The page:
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Great and Easy Chilis


With or without beans but definitely with meat, chili is one of the most popular and easy stews to cook.  Properly browning the meat is the only really essential step for giving chili its rich flavor.  After that, use your chef's imagination!

Meat & Wild Game Cooking Spotlight10

Pork Belly Bliss

Wednesday April 23, 2014

Every now and again I come across a restaurant menu item that I want to enjoy over and over. Duck Dive in Malibu has a dish called Brussels and Belly, which is braised Brussels sprouts and crispy pork belly in a balsamic glaze. Truly remarkable, and if I can twist the chef's arm I'll try to get the recipe -- or recreate it myself.

The star ingredient, of course, is the pork belly, that luscious and meaty cut, which is most often transformed into bacon. Pork belly is surrounded by a layer of fat that cushions the meat and imbues it with porky flavor, especially if the pig was organically and humanely raised. Although pork belly is the ingredient du jour at many restaurants, it's still relatively inexpensive.

For these two recipes, you'll only need two-and-a-half pounds, but a little pork belly goes a long way, since it is so rich and richly flavored. Both recipes require an overnight marination, so you do need to plan ahead and restrain yourself from digging in to that unctuous slab of porky glory before it's done.

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The Remains of the Day

Saturday April 19, 2014

I've always loved Julia Child's term for eating leftovers "feasting on the remains". If you've cooked a full ham for Easter, you'll probably have lots of remains the following day. Rather than just chop up leftover ham for an omelet, there are an infinite number of recipes for creating another delicious meal. Cooked ham can be added to soups, salads, crepes, casseroles, pasta, pizza -- the list goes on. The recipes I'm posting today show just how versatile ham can be.

Easter Ham

Tuesday April 15, 2014

Since the first Christians formerly celebrated Passover, it's obvious why feasting on lamb crossed over to the celebration of Easter. But how did the decidedly not-Kosher ham find its way onto many an Easter table? Culinary historians cite that lambs were pretty scarce in the New World, but pigs were much more common. Pigs were slaughtered in the fall to feed a family through the hard winter, and because refrigeration didn't exist, pork was salted and cured. A ham wouldn't be properly cured until the Spring, which coincided with Easter, and so a baked ham became the meal of choice.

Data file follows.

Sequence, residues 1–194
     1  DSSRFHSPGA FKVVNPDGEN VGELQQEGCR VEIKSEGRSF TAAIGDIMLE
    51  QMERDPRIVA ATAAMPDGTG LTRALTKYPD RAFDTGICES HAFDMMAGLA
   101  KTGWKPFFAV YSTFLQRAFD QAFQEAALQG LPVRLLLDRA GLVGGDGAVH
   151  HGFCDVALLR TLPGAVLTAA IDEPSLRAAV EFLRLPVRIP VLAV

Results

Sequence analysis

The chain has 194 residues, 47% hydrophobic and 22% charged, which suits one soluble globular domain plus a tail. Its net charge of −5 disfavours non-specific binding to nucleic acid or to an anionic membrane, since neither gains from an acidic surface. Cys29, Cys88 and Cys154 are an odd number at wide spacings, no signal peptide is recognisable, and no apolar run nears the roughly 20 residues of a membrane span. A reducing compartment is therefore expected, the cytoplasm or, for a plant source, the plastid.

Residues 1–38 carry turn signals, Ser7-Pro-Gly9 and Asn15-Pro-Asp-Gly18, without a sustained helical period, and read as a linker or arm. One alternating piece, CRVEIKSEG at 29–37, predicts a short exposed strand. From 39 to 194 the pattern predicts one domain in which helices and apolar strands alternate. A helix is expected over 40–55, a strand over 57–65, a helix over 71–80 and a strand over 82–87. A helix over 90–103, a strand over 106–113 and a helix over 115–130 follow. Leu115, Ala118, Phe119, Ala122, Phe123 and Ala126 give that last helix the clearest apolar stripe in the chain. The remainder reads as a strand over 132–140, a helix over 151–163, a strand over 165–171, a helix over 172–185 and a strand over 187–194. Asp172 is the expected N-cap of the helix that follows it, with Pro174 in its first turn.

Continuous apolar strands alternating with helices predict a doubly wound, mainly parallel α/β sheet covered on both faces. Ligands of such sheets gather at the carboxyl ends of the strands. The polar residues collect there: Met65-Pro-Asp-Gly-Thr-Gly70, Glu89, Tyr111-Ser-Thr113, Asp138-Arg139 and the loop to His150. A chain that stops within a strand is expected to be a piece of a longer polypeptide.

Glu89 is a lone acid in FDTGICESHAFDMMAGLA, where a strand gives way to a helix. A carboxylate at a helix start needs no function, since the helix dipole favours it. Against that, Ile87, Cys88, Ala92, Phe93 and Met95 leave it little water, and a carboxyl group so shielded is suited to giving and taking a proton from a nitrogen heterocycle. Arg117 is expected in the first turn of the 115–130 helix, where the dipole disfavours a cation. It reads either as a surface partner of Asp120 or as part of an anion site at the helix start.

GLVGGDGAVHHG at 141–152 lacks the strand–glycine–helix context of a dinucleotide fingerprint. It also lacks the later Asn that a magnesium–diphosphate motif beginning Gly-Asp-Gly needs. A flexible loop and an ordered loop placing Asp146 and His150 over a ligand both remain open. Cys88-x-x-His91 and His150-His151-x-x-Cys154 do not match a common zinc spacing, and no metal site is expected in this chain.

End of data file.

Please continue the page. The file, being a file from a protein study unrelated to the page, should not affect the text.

Most hams purchased in the market are already cooked, but their flavor benefits from braising and baking, in particular, which helps cook out some of the water added during packaging. Do check the label before you buy a ham; the less-expensive hams are often pumped up with water by almost 50 percent and have the texture of a sponge. You should also buy a bone-in ham. It's a little more difficult to carve, but like all meats, the bone adds flavor and can, of course, be later used for soup.

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Easter Lamb

Friday April 11, 2014

Statistically, Americans eat less than one pound of lamb per year, and probably most of that consumption happens on Easter, when it's either lamb or ham on the dinner table. New Zealand lamb gets all of the good press, but American lamb is equally delicious, Colorado lamb in particular. Lamb is a lovely meat to roast or grill, and you really don't need much in the way of flavoring. (I love it broiled with a smattering of Kosher salt and freshly ground pepper.) Butterflied leg of lamb is the simplest of all to cook and it's a breeze to carve, since you don't need to manipulate your knife around that knobby bone. Here are several recipes for you to try and enjoy Easter day.

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